The minister said  the establishment of OFAB Malawi Chapter should help address this challenge by providing a platform to communicate effectively and close the information gap around agricultural biotechnology.

African Agricultural Technology Foundation (AATF) Executive Director Dr Canisius Kanangire hailed the Malawi government for leading African countries in putting systems in place towards utilization of science, technology and innovation.

‘‘There has been a cordial working relationship between the government, through its Ministries and Departments of NCST, DARS and TLC and the African Agricultural Technology Foundation, the organisation which I lead,’’ Dr Kanangire said.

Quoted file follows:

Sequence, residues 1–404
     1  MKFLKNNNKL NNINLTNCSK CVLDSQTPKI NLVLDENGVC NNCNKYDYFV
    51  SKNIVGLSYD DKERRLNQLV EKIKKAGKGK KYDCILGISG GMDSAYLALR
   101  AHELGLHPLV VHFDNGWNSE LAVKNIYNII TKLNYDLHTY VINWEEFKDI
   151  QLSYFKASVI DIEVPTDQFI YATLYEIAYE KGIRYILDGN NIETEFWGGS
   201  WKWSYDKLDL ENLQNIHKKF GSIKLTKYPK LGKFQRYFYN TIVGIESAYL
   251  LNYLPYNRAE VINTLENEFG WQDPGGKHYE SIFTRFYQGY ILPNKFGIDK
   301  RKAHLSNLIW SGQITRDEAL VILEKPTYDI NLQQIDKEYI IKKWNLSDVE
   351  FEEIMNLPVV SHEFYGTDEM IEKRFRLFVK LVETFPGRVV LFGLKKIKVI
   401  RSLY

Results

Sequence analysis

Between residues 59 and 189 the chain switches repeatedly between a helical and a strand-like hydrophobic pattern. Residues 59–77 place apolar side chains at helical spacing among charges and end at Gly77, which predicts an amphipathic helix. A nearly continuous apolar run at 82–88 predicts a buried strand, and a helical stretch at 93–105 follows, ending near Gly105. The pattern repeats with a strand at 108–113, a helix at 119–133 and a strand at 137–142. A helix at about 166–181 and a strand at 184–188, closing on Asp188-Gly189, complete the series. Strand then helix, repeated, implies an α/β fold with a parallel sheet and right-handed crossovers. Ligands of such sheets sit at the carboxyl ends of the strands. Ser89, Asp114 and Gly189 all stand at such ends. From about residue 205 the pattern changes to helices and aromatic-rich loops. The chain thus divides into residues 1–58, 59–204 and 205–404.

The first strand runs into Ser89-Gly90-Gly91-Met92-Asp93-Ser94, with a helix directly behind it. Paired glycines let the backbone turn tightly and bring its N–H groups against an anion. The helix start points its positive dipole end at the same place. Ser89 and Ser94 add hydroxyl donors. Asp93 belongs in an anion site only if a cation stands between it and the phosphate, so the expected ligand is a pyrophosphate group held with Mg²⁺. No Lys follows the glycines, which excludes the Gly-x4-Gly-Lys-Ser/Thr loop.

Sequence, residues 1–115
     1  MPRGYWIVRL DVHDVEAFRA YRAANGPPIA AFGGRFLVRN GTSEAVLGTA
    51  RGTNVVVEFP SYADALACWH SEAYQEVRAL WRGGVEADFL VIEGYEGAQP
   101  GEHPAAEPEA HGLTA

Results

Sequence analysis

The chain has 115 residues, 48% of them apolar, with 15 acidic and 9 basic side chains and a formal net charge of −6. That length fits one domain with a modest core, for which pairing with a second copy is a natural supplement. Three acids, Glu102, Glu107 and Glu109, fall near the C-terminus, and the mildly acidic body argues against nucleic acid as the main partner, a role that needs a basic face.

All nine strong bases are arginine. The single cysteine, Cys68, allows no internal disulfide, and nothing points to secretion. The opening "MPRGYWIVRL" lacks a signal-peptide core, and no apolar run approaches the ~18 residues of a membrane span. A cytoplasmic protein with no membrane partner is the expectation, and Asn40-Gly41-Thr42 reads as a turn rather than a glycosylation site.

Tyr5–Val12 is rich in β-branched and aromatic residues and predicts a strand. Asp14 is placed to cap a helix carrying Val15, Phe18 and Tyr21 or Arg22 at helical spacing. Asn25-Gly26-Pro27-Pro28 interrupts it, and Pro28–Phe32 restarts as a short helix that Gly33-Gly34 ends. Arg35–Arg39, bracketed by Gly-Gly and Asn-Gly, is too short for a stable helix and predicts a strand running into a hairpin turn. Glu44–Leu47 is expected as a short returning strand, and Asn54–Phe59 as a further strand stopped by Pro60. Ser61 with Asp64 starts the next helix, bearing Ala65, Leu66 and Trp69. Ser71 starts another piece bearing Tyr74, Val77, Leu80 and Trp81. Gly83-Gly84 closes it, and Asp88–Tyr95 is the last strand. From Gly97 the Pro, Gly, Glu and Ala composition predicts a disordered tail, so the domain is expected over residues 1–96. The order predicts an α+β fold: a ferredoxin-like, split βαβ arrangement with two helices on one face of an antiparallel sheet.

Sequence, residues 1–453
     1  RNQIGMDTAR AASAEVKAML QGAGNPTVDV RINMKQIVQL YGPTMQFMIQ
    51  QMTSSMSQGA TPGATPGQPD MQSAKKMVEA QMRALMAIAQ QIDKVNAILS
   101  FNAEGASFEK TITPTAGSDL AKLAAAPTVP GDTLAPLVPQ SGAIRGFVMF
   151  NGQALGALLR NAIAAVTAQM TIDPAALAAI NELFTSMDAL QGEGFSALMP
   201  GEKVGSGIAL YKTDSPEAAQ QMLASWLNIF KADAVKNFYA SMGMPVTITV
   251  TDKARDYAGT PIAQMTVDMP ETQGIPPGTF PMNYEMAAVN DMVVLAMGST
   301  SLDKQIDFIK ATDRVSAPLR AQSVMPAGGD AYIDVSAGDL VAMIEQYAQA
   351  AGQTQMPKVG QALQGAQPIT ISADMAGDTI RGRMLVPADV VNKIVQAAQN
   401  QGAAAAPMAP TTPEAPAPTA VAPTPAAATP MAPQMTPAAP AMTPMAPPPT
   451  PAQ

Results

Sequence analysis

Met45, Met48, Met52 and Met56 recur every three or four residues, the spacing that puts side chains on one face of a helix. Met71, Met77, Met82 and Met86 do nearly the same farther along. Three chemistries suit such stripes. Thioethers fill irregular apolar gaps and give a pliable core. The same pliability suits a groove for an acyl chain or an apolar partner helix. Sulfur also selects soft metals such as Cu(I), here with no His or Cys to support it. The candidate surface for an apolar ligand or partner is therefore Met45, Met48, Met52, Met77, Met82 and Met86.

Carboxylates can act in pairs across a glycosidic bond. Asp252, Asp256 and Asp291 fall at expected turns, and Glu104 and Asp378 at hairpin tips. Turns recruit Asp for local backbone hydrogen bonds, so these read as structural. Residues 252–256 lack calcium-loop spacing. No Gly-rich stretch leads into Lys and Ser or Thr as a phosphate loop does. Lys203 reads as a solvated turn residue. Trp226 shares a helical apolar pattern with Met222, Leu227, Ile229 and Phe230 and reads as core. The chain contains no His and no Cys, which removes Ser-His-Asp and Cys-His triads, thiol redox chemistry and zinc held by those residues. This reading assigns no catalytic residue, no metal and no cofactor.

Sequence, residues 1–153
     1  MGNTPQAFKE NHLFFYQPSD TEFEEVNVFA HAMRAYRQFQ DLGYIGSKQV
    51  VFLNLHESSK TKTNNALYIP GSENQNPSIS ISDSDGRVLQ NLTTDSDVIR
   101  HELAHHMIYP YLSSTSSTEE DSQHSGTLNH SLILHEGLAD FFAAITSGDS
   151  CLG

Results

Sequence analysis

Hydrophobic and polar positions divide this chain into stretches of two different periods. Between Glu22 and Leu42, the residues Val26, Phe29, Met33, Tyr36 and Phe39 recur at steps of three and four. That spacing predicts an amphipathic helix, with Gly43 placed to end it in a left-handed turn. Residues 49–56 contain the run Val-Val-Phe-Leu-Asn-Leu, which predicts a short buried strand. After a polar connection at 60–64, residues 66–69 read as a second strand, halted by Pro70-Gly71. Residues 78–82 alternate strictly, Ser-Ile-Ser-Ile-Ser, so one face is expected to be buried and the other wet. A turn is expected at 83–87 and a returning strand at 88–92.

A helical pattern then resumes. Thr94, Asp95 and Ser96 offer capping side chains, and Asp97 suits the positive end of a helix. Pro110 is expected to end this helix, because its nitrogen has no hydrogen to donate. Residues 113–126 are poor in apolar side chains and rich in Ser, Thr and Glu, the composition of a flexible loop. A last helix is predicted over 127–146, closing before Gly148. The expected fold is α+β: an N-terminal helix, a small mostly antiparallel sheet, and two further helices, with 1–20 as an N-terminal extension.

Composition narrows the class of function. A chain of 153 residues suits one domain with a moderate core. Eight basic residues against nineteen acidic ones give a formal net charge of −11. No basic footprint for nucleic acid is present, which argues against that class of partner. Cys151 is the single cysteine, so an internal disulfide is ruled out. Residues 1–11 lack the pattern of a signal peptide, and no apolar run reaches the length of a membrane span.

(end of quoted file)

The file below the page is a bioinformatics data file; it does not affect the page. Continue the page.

He saidAATF was committed, through  OFAB, to sharing information and evidence onagricultural biotechnology with governments and the public to inform policy and development agenda for a prosperous Africa.

“Knowledge sharing must be at the centre of this discourse. This launch is timely as Malawi sustains its efforts along the path towards commercialization of products emanating from agricultural biotechnology. It is one tool that has not been widely used in Africa despite having demonstrated transformative impact in many parts of the world where it has been utilised,” he said.

For instance, Dr Kanangire said, research indicates that farmers who adopted Bt. Cotton in India, managed to avert crop damage, and reduced the use of highly hazardous chemical pesticides by over 80%.

“We also note that biotechnology greatly revolutionized the agricultural sector in Latin America, particularly Argentina. Closer home, Bt. Cotton has delivered great results in South Africa, Sudan, Malawi, Nigeria and Kenya.”